Dr. Jan Peter Dank, MD, Dermatologist, discusses What are Your Treatment Options for Psoriasis.
Loading the player...What are Your Treatment Options for Psoriasis Dr. Jan Peter Dank, MD, Dermatologist, discusses What are Your Treatment Options for Psoriasis.
Click to unmute video
Featuring Dr. Jan Peter Dank, MD, Dermatologist
Video Title, What are Your Treatment Options for Psoriasis Duration: 2 minutes, 58 seconds
Psoriasis is a chronic condition; so you have to come to it understanding that you’re trying to bring this condition under control, not cure it.
Usually, the first step is to use topical cortisones on the skin. The most effective of these will be prescription medications. The type of cortisone and the strength needs to be proportionate to the type of skin, more delicate skin not taking the strongest cortisones well.
And it’s often important to use the right vehicle to get the medication to the skin. So ointments and creams work well on the body but not very well on the scalp. So on the scalp, lotions and solutions and foams.
Psoriasis treatment depends upon the location of the body and the severity of the disease. It usually starts with topical prescription cortisones. These medicines are applied to the area of the skin, and what strength is used and what form they come in depends upon the skin area being applied to.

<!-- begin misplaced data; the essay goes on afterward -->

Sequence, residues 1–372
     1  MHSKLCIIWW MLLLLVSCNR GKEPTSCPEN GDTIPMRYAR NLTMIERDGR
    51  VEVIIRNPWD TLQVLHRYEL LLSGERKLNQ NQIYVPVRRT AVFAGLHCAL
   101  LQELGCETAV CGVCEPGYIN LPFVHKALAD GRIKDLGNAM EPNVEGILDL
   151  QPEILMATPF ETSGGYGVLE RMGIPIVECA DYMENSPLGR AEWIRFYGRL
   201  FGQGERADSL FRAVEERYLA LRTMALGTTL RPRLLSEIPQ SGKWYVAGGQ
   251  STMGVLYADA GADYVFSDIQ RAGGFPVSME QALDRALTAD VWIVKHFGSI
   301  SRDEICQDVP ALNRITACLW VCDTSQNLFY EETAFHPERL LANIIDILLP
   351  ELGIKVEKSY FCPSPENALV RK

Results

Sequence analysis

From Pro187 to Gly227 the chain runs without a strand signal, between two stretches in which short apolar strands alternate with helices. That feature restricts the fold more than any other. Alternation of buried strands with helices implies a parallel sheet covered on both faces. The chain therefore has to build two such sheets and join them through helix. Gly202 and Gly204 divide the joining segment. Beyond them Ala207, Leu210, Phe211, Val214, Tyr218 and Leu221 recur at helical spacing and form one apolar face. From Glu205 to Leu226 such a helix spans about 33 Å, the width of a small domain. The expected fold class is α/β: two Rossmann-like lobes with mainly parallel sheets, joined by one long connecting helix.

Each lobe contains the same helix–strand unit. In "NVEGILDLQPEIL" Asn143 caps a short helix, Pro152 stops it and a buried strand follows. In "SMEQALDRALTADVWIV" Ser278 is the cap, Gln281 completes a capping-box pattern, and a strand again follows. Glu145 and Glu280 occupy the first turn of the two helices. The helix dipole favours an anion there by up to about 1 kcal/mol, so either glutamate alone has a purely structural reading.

For the body and face, creams and ointments work well. You need to use stronger cortisones on the body that don’t do so well on the face, whereas, some areas like body folds or scalp may take special vehicles like solutions, lotions or foams to deliver the medication to where they need to go.
The next step up from cortisones alone, are adding second agents to the cortisones to enhance the effectiveness of the cortisone treatment. These are usually used not to replace the cortisones but in addition to the cortisones. So they complicate the therapy. Most of these agents are either derived from vitamin A or from vitamin D.
There are also ways to treat psoriasis using phototherapy. A medication called sorion can be added to UVA light to effectively treat psoriasis in the skin, and narrow wavelengths of ultraviolet B can reduce the inflammation of psoriasis in the skin. This takes going to a phototherapy treatment center where they have this equipment on a several-time-a-week basis.
For more serious psoriasis, we have to sometimes resort to internal medications. There is an oral retinoid called acitretin that can be used to treat psoriasis, and there is an immunosuppressive medication called methotrexate that can be used long-term to control psoriasis.
The newest players on the blocks are agents called biologics. These are very expensive new medications, usually highly successful in treating the severe psoriasis, and they’re all given as either intravenous injections or shots.
If you think you may have psoriasis or want more information about psoriasis, please see your primary care physician or a dermatologic specialist to get properly diagnosed and treated.
Video produced in association with Dr. Jan Peter Dank, MD, Dermatologist,
Local Practitioners: Dermatologist
This content is for informational purposes only, and is not intended to be a substitute for professional medical advice, diagnosis or treatment. Always seek the advice of your physician or other qualified healthcare professional with any questions you may have regarding a medical condition.